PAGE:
You might think that December is not the best time of year to take a tent for a walk - and you'd be right! In winter, though, you can't be too choosy. You have to make the most of any half-decent conditions. I hadn't done any walking for several months, and a forecast of dry, cold weather was enough for me to pack and set off for Salisbury.
It was certainly cold. They got that bit correct! I set off from the cathedral under a windy sky, and crossing the river ascended Harnham Hill. On the further side I reached the edge of the city.
My plan was to walk across Cranbourne Chase to Badbury Ring and the valley of the Stour. It's an area easy to define but more difficult to describe. To the west of Salisbury are two chalk ridges enclosing the river Ebble. The northernmost ends abruptly at White Sheet Hill; while its neighbour continues to Win Green before bending south in the direction of Blandford Forum. In the angle of this ridge lies a plateau of undulating chalk. This upland is the Chase.
It feels old, far older than Hampshire or the Sussex Downs. In landscape and prehistory it recalls the great necropolis of Wessex, Stonehenge. Barrows litter the landscape. There is a cursus, the longest in England. And there are henges, at Knowlton where a Bronze Age ring embraces the ruin of a Christian church.
Away from the escarpments the land is quite flat. In the deep woods hazel flourishes, seasoned with yew. Out in the open the fields are mostly arable; but near Martin there are downs unfenced and cropped by sheep. Stand there alone on a winters' afternoon as the light is failing and you start to lose your grip on the present. The Chase can be a dark and disconcerting place.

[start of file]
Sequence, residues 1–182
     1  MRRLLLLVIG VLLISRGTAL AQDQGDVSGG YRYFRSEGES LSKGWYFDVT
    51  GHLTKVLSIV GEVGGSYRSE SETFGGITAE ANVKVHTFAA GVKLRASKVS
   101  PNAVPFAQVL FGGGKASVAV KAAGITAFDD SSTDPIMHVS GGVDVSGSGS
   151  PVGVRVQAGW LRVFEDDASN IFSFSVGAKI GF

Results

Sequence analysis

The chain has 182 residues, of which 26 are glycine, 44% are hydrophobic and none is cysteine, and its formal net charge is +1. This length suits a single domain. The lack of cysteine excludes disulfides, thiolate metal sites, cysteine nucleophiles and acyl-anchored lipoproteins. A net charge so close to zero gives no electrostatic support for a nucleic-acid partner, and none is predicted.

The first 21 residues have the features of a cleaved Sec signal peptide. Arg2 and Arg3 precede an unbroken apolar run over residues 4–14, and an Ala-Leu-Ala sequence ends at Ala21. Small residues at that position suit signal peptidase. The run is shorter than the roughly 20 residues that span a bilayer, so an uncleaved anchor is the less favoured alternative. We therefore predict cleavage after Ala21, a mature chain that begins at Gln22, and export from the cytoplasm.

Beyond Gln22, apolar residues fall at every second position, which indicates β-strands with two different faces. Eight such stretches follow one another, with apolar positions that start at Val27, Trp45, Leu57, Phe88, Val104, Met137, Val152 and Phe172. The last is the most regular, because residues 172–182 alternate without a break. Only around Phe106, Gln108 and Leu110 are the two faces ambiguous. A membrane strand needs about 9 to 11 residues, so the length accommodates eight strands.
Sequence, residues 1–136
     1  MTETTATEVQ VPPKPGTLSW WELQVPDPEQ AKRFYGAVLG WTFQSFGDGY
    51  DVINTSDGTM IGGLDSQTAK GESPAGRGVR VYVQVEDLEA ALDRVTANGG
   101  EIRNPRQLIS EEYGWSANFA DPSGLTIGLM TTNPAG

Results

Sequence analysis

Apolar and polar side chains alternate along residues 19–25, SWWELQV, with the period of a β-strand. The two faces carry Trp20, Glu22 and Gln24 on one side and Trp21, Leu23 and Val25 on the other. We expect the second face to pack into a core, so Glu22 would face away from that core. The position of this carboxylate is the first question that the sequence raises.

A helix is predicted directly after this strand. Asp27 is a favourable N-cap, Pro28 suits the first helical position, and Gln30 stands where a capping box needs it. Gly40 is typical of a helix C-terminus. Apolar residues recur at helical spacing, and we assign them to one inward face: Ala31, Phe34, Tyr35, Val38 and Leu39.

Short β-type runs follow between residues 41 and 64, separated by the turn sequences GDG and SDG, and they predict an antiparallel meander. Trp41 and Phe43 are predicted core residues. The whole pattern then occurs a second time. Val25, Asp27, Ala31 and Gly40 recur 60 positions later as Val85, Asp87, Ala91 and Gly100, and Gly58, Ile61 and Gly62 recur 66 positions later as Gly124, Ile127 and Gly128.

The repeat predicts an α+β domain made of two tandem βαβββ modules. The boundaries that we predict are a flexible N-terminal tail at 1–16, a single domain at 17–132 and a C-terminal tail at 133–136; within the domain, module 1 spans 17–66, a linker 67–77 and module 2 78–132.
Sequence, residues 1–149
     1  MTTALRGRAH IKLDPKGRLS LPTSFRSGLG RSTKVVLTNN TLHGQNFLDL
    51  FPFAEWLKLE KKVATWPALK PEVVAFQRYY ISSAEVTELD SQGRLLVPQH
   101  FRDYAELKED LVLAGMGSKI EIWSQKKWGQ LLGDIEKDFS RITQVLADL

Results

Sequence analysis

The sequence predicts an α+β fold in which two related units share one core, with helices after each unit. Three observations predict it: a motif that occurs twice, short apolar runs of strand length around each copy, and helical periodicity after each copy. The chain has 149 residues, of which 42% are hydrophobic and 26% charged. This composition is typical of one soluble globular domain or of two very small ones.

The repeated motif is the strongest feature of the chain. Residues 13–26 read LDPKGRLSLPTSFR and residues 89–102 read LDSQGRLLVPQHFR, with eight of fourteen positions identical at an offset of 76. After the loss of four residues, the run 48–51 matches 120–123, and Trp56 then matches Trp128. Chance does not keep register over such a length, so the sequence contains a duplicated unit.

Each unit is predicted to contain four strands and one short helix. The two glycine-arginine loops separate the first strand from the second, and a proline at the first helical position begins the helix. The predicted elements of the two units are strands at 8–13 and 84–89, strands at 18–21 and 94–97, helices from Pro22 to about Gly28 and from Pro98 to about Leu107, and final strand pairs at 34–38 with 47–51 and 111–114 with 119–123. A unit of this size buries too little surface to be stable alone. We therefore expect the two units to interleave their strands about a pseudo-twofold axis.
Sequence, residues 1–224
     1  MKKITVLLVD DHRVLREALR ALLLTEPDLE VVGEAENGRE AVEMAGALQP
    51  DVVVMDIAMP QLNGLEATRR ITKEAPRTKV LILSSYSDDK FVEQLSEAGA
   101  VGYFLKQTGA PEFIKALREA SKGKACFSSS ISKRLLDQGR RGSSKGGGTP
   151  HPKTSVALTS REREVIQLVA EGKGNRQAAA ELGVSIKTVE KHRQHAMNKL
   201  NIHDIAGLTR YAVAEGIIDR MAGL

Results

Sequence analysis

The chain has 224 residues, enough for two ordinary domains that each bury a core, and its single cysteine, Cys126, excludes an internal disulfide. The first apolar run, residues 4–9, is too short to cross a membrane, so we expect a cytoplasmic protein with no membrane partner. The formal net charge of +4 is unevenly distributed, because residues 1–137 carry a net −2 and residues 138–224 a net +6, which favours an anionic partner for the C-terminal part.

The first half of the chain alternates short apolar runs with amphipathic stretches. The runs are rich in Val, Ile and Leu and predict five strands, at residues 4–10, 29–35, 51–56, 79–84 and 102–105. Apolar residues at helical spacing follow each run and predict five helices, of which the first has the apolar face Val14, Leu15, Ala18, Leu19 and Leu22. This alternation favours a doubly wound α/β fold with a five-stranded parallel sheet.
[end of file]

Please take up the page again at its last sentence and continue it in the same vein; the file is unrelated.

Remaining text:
Descending Harnham Hill, I crossed the Ebble and clambered up onto Homington Down. I passed Great Yews, a tract of ancient woodland, then turned onto the old coaching road to Blandford. The tilt of the Chase is south-east and my way lay south-west, so I was crossing the grain of the land; over low, furrowed ridges separating shallow valleys. An expanse of empty downland led me to Martin.
The writer and naturalist W. H. Hudson once stayed here, lodging in a farmhouse near the church. His book, A Shepherd's Life, is a moving account of a lonely downland community. The shepherd, James Lawes (whom he calls Caleb Bawcombe), is buried in the churchyard. A plaque marks his grave.
From the village I found my way through Martin Down nature reserve to Pentridge Hill. Crossing the summit I came upon the bank and ditch of Bockerley Dyke. Like the Wansdyke north of the Vale of Pewsey its purpose is still unknown. For miles it coils over the downs, until finally it disappears beneath the plough.
Beyond the hill I reached the old Roman road from Sarum to Badbury Ring and navigational worries were at an end. My only concern was how far I would get before the light failed. I followed the road, hardly bothering to consult the map as it was generally obvious which way to go.
It was too cold to spend much time admiring the scenery, but at the end of a long tunnel of trees I stopped to eat. As I rested I noticed a scallop shell fixed to a tree. The shell, symbol of St. James, is carried by pilgims travelling on foot to Santiago de Compostella. Why it had been placed there I have no idea; but I took it as a sign of hope, and set out once more in good heart.
Somewhere near More Crichel the light failed. As I walked through darkening fields the sun flamed in a winter sky, then faded. The last five miles were accomplished in darkness, on country lanes and long, straight tracks; until, tired and cold, I passed under the trees clothing the summit of Badbury Ring.
The ground was covered in leaves and low brambles, but I finally got the tent to stay upright. Having eaten, I crawled into my sleeping bag. I was dozing in relative comfort when I was brought to my senses by people talking nearby. Who on earth, I wondered, would be out on a hillfort at night, in the middle of winter?
They appeared to be part of some scout troup, learning how to send messages by torchlight. From the sound of things they weren't very good at it! Communication was mostly achieved by bellowing from rampart to rampart in stentorian tones: "What was that last bit again? WO' DID 'E SAY?" Finally they left and I settled down for the night.